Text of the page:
DHAKA, April 9 - With the ruling Bharatiya Janata Party (BJP) continuing to put its weight behind the controversial Citizenship (Amendment) Bill, minority pressure groups in Bangladesh has denounced the attempt stating that, if introduced, the CAB would only escalate persecution on religious minorities, especially Hindus, living in Bangladesh.
Representatives of various minority pressure groups, religious organizations and people from various walks of life including the Bangladeshi chapter of the Vishwa Hindu Parishad (VHP) are of the opinion that although minorities are subjected to violence from time to time in Bangladesh, the solution however does not lie in CAB.
�In fact, if CAB comes into effect, it would provide the communal perpetrators a free run to persecute the minorities. If Hindu population reduces, it will also pave the way for radical and fundamentalist activities like it was in Syria and Iraq and that will affect India�s security scenario as well for it being the bordering country. Even the majority population in Bangladesh wants Hindus to stay in Bangladesh in a peaceful manner,� said Gobindo Chandra Pramanik, president of the Bangladeshi chapter of VHP while talking to�The Assam Tribune.
As per a report �Atrocities on Minorities in Bangladesh in 2018� compiled by Bangladesh Jatiya Hindu Mohajote, as many as 88 minorities were reportedly killed and another 287 persons faced death threat between January, 2018 to November 2018. �
As per the 2017 report, at least 107 persons belonging to Hindu community were killed while 31 of them had disappeared.
Further, there were 68 cases of attempt to murder and the number of persons who sustained injuries stood at 347.
�The number of those missing during the period stood at 48,� the report stated.
�The Hindus or for that matter any other minority groups do not want to leave Bangladesh, which is their motherland. But, we definitely need security within the country and that can happen only through electoral seat reservation and a separate electoral process. There has to be a separate Ministry for the Minorities as well,� Pramanik, who is also the general secretary of the Bangladesh Jatiya Hindu Mohajote, told this correspondent.�
Pramanik, also a Supreme Court lawyer, said that those who had left for India in the recent time have done it mostly for economic reasons and only a handful of them had left due to persecution.
Rana Dasgupta, general secretary of Bangladesh Hindu Buddhist Christian Unity Council, one of the leading minority pressure groups in Bangladesh, said that the Citizenship (Amendment) Bill cannot be a solution to stop persecution or safeguard the interest of the minorities living in Bangladesh.
�And if the CAB comes into effect, the communal forces would jump on the minority population in Bangladesh, and the fall out could be as grave as minority cleansing,� he opined.
�We hail the stand of the opposition as the CAB is a discriminatory law, which would make things worse for minorities living in Bangladesh,� Dasgupta said.
However, Rana Dasgupta , while referring to a comparative study of the two population pattern reports published in 1971 and the more recent report of the Bangladesh Population Statistical Bureau in 2011, conceded �that the percentage of minority population has come down from nearly 20 per cent in 1971 to just 9.6 per cent in 2011, indicating that a huge chunk of population had fled Bangladesh to Indian States like Assam, and West Bengal among others during the period, following torture or in search of better economic prospects.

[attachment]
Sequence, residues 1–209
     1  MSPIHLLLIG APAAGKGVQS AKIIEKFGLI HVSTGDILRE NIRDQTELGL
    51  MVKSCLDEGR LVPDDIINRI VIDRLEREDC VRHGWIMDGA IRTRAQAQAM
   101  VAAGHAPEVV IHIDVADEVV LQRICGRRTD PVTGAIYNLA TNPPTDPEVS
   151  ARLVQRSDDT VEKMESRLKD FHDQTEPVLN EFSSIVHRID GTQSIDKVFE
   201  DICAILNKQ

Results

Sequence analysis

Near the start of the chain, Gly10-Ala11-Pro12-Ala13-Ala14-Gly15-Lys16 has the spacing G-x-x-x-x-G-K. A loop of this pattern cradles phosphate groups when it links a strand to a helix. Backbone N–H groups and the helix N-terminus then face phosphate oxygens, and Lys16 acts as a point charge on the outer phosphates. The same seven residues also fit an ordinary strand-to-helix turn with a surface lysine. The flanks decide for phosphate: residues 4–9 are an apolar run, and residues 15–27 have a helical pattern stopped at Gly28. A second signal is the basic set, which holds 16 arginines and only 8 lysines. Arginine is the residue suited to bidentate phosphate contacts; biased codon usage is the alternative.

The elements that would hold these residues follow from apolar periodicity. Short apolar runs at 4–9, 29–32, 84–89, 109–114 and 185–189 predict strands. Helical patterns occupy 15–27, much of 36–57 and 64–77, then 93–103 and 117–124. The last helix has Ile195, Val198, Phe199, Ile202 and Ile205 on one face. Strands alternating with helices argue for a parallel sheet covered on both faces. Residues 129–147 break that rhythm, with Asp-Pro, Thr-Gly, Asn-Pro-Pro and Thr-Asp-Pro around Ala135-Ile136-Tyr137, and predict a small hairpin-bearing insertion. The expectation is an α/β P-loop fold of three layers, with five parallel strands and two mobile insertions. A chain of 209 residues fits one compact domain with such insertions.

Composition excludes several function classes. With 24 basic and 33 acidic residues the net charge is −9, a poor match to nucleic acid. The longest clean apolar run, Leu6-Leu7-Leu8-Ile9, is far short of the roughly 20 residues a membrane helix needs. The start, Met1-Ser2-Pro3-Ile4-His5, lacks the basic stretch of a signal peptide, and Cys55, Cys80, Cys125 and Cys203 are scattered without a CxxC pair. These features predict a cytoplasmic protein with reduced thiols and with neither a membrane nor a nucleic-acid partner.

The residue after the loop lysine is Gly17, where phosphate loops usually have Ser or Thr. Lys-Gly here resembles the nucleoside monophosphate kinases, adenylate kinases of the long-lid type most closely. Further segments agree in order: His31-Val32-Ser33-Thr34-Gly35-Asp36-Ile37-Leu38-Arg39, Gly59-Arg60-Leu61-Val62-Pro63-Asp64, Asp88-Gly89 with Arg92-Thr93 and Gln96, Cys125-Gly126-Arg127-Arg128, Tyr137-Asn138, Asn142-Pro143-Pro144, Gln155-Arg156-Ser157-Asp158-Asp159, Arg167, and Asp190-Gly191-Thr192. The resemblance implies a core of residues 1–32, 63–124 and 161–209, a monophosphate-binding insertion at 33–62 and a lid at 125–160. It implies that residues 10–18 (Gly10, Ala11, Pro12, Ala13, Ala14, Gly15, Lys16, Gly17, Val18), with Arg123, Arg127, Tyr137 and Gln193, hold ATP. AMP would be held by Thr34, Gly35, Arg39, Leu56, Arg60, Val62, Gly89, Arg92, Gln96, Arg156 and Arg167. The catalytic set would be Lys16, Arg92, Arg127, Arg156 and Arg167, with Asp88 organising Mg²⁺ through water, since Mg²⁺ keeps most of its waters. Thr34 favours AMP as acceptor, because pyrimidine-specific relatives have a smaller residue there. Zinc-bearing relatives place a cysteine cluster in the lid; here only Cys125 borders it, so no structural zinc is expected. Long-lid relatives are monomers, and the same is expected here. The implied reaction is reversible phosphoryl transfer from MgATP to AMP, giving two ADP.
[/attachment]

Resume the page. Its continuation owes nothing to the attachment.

Of these 9.6 per cent, 8.6 were the Hindus, rest were Buddhist and Christians.
�The situation now is a bit different. As far as existing scenario vis-�-vis persecution of minorities is concerned, the State-sponsored persecution has come down. The worrying factor, however, is that the minority population is still facing the heat from the communal forces who are still resorting to violence and trying to flare up the issue to yield political mileage. The CAB would only aggravate the situation,� Das Gupta said.
�Both the Indian and the Bangladesh Government should come out with an amicable solution through dialogues. Safety of the minorities within Bangladesh has to top the agenda of discussion, �Dasgupta added.�
A Hindu leader based in Cox�s Bazar district, requesting anonymity, confide that the CAB is divisive in nature and once it comes into effect, it would only make life difficult for the minorities.
Deben Bhaskar, general secretary of the Bangladesh Puja Udjapon Parishad (Jessore district), which has its presence across the country, told this reporter that the question of a Hindu Bangladeshi does not arise at all and they oppose such move.
�There could be some sporadic incidents of violence against minorities in Bangladesh and that happens everywhere including India. We want the state machinery to arrest the trend and fleeing the country is not an answer. Those who had fled the country are opportunist and even now many of them are coming back,� Bhaskar said.
Hashi Das, a Hindu woman of Faridpur district, while sharing her views said that some of her relatives had gone to India around 25 years back to look for better job opportunities and that they have not faced any ill-treatment or persecution in their village or district.
Saptasi Das, a Dhaka-based banker, while reacting to the controversy surrounding the CAB, said that no matter what, no Hindu Bangladeshi would want to migrate to India.
�Yes, there are moments when things get tensed for the minorities, especially Hindus. Going to India would mean living like a second class citizen and that is not at all acceptable,� she reckoned.